The main section 26 includes a first arm 34 having an internally threaded boss 36 at one end thereof and a second arm 35. A pin carrier 37 is threaded in the boss 36. The pin carrier 37 is hollow as shown in FIG. 19, and a plunger 38 is mounted for movement to the right and left inside the pin carrier 37. A compression spring 39 surrounds a shank 40 of the plunger 38 and bears on a shoulder 41 of the plunger 38 and on a washer 42. The washer 42 engages an O-ring seal 56 which, in turn, engages an interior flange or shoulder 43 of the pin carrier 37. A screw fastener 44 mounted in the plunger 38 and engageable with a head portion 45 of the pin carrier 37 limits movement of the plunger 38 to the right as shown in FIG. 19. A pin member 49 is mounted on the plunger 38. A shank 50 of the pin member 49 is received in a socket 52 in the plunger 38. An O-ring 53 mounted in a circumferential slot 54 in the shank 50 holds the pin member 49 in position in the plunger socket 52. An O-ring seal 55 mounted on the plunger 38 and the O-ring seal 56 form seals between the plunger 38 and the pin carrier 37 surrounding the spring 39.
The main section 27 includes a first arm 58 and a second arm 59. The arm 35 of the section 26 carries rack teeth 61 (FIGS. 1 and 2). The arm 35 is slideably and telescopically received inside an elongated opening 62 (FIG. 21) in the first arm 58 of the section 27. A pawl 63 is slideably mounted in an opening 64 (FIG. 21) in the arm 58 for movement transversely of the direction of movement of the arm 35. Teeth of the pawl 63 can engage the rack teeth 61 to hold the arms 35 and 58 against movement in a direction to cause separation of the arms 34 and 59. Leaf springs 66 and 67 attached to the arm 58 urge the pawl 63 to the latched position shown in FIG. 21. However, the pawl 63 can be withdrawn to release the teeth permitting movement of the arms 34 and 59 away from each other. The rack teeth are constructed to restrain movement of the arms 34 and 59 of the main sections away from each other but to permit movement toward each other.
The second arm 59 of the main section 37 supports a locking bracket 71. The locking bracket 71 includes a body 72 (FIG. 2A) carried by an integral head 74, which is received in a cylindrical socket 76 in a boss 78 at a free end of the main section arm 59. A resilient bearing ring 80 is received in an annular slot 82 in the head 74 and engages a shoulder 84 at the base of the socket 76. The bearing ring 80 can be of the material known as Teflon, a trademark of E. I. D. duPont de Nemours & Co.
A stop ring 86 is received in a socket 88 in the head 74 and is held in assembled relation with the body 72 by roll pins 90 and 92 (FIG. 17) received in bores 94 and 96 in the bracket 71 and bores 98 and 100 in the stop ring 86, respectively. The stop ring 86 can be formed of hard, wear resistant metal such as stainless steel and carries a ring of teeth 102 (FIGS. 8 and 9).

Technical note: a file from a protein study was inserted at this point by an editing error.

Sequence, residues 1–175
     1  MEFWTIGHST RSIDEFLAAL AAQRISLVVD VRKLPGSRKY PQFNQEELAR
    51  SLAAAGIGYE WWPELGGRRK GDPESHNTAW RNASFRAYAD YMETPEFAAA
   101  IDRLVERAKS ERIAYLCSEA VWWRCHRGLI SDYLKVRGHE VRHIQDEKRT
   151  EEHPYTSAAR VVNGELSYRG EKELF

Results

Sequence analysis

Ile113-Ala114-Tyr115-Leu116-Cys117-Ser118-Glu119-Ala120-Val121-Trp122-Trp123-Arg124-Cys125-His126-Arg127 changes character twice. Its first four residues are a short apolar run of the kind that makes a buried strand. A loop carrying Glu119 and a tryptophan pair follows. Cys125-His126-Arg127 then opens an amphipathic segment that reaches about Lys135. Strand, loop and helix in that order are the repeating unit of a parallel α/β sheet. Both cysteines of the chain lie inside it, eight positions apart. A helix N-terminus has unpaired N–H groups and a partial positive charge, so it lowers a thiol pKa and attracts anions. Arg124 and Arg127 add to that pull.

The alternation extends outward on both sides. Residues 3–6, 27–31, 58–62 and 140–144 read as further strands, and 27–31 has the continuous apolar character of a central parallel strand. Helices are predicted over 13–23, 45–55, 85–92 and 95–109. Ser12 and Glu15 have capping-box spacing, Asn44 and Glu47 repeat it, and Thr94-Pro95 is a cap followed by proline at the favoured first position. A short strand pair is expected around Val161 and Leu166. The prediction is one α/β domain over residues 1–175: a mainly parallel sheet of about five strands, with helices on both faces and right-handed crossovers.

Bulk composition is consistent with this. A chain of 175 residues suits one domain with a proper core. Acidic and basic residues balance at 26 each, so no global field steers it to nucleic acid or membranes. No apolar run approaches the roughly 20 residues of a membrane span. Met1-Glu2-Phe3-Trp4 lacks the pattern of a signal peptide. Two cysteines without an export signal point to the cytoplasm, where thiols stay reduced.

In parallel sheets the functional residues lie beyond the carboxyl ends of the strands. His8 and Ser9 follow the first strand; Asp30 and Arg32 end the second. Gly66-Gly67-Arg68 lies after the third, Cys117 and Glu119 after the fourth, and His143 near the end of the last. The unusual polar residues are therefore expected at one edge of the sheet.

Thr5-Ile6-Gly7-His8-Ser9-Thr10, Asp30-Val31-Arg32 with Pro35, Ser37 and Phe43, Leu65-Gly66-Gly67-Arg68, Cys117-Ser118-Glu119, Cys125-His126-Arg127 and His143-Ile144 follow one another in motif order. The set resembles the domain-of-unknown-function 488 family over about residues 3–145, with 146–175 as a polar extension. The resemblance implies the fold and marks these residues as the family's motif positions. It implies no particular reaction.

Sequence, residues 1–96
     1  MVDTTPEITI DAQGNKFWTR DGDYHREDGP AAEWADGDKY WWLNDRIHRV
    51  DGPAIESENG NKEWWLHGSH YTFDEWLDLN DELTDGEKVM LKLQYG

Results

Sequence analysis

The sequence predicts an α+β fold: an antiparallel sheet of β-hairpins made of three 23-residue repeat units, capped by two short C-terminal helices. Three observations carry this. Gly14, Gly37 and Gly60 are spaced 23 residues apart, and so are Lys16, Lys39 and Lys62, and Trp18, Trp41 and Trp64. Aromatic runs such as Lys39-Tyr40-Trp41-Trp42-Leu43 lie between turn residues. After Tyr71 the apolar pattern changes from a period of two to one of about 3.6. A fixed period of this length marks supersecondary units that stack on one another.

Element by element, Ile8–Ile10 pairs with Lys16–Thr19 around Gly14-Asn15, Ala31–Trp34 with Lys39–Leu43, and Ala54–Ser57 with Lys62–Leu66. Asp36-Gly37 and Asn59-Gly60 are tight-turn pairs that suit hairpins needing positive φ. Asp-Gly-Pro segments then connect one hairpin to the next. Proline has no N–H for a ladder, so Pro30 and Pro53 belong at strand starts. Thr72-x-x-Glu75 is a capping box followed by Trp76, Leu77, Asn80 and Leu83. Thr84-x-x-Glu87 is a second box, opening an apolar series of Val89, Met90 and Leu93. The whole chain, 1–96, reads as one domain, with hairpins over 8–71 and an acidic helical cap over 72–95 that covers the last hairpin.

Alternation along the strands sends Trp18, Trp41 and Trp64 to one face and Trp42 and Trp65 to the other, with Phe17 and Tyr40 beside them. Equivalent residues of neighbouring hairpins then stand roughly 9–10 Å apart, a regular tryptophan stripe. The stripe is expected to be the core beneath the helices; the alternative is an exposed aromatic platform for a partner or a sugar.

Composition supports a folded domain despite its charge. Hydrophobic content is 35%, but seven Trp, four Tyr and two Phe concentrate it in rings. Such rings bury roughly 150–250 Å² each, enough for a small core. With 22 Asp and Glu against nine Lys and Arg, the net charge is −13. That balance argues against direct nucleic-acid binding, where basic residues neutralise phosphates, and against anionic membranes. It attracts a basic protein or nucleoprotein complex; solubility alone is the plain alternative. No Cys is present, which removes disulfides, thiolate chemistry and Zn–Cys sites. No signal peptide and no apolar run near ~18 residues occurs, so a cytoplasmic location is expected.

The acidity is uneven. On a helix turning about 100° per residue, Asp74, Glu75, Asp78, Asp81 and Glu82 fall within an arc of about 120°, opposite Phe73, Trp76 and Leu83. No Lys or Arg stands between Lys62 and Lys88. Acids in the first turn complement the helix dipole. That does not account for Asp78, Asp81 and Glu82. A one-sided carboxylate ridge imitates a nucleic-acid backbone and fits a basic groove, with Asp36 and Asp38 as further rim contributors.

A hexagonal socket 104 is provided in the boss 78 in coaxial relation with the cylindrical socket 76. A generally hexagonal sliding stop member 106 can slide lengthwise of the hexagonal socket 104 (to the right and left in FIGS. 2A and 17). As shown in FIGS. 10 and 11, the sliding stop member 106 is provided with a ring of teeth 108, which can engage the teeth 102 of the stop ring 86. The sliding stop member 106 can also be formed of hard wear resistant metal such as stainless steel. A compression spring 110 urges the sliding stop member 106 to the FIG. 2A position at which the teeth 102 and 108 are disengaged. The compression spring 110 is mounted in sockets 112 and 114 in the stop ring 86 and the sliding stop member 106, respectively. The sliding stop member 106 is provided with a set of three dished sockets 118 on an outer face 124 thereof, lands 126 are provided between the sockets 118.
The sliding stop member 106 is advanced to the FIG. 17 position by action of a set of ball actuators 128 (FIGS. 13 and 14), which are received in sockets 130 in an actuator disc 132. The actuator disc 132 is rotatably mounted on a pivot bolt member 134 (FIG. 17) which passes through a bearing opening 136 centrally of the actuator disc 132. A shoulder 138 on the pivot bolt member 134 engages an outer face 135 of the actuator disc 132. The pivot bolt member 134 extends through clear bores 140 and 142 in the sliding stop member 106 and the stop ring 86, respectively, and is threaded in a bore 143 in the bracket 71. A set screw 144 threaded in a transverse bore 146 in the bracket 71 locks the pivot bolt member 134 in position. The actuator disc 132 can be formed of hard wear resistant metal such as stainless steel and is received and tightly held in a socket 148 in a handle disc 150.
The handle disc 150 together with the actuator disc 132 can be turned from the FIG. 2A position at which the ball actuators 128 are located in the dished sockets 118 to the FIG. 17 position, at which the ball actuators 128 are located on the lands 126 and the teeth of the sliding stop member 106 and the stop ring 86 are in engagement to prevent turning of the bracket 71. A roll pin 152 mounted in a socket 154 in the main section arm 59 extends into an arcuate slot 156 in the handle disc 150 to limit swinging of the handle disc 150.